“Can’t sleep?” Noor asked. The two of them and Madari had slept all day, recovering from their long day and night and the rescue. Jahni still lay in the infirmary, enjoying the attention apparently, as men came to him to ask him to relate the story of the rescue. Noor felt certain he would be adding many flourishes to it. Noor and Faraj had resisted most of the requests to tell their side of it. At least anything before their borrowing the helicopter from Sheik Elahi.

“What we did to that soldier…” Faraj started to say, but didn’t finish.

“We did what we had to do. If we hadn’t Kahil would be either dead or being tortured right this moment.”

“He let us. He let us torture a man.”

Noor glanced at him, his eyes stayed fixed on the horizon.

“Commanders have to make hard choices, Idris, you know that.”

“He didn’t make that choice as a commander, Javid.” Faraj turned his gaze from the horizon and looked at Noor. “You know that, don’t you?”

Noor didn’t answer, just went on smoking, eventually Faraj turned away and only then spoke again.

“Do you think he’d have made the same choice for anyone else?”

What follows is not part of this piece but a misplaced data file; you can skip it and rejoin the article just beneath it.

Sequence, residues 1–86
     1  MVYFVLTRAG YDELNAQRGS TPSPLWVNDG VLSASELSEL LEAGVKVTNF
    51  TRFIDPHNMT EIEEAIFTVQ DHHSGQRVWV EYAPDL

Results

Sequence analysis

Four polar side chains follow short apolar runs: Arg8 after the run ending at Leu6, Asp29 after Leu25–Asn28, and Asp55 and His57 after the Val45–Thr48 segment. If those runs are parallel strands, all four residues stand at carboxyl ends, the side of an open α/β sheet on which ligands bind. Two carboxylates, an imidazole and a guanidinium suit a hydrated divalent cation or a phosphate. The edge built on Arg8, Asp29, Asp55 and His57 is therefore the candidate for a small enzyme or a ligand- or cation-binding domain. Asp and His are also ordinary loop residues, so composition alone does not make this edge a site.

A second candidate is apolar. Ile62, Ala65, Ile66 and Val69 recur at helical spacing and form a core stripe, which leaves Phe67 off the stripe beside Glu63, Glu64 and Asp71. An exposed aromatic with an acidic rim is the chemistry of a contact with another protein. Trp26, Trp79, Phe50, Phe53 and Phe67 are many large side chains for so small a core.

“You have to ask that, Idris? You of all people?”

“If you mean for me… Well perhaps you are right. But in my case it would be out of guilt.” He finished his cigarette and tossed it away. “Do you think guilt was the motivation for saving Jahni?”

Noor didn’t answer. He let go of Faraj’s hand and turned away to walk back to the guardhouse.


Madari sat on a chair beside Jahni’s bed in the infirmary. Jahni slept soundly, under sedation. He’d be in the infirmary for several days the doctor said, and would have to rest after that. He would hate that enforced idleness. Perhaps, Madari thought, smiling for a moment, he could spend the time hemming the edge of the newly cut sash that lay across the foot of his bed.

Madari couldn’t rest, not after sleeping all day. Now he sat up awake, not only to watch over Jahni, but because his thoughts strayed south, to the capital, to General Sattan, and perhaps to many of their sympathisers at the Defence Ministry. To what those men could be going through that very moment.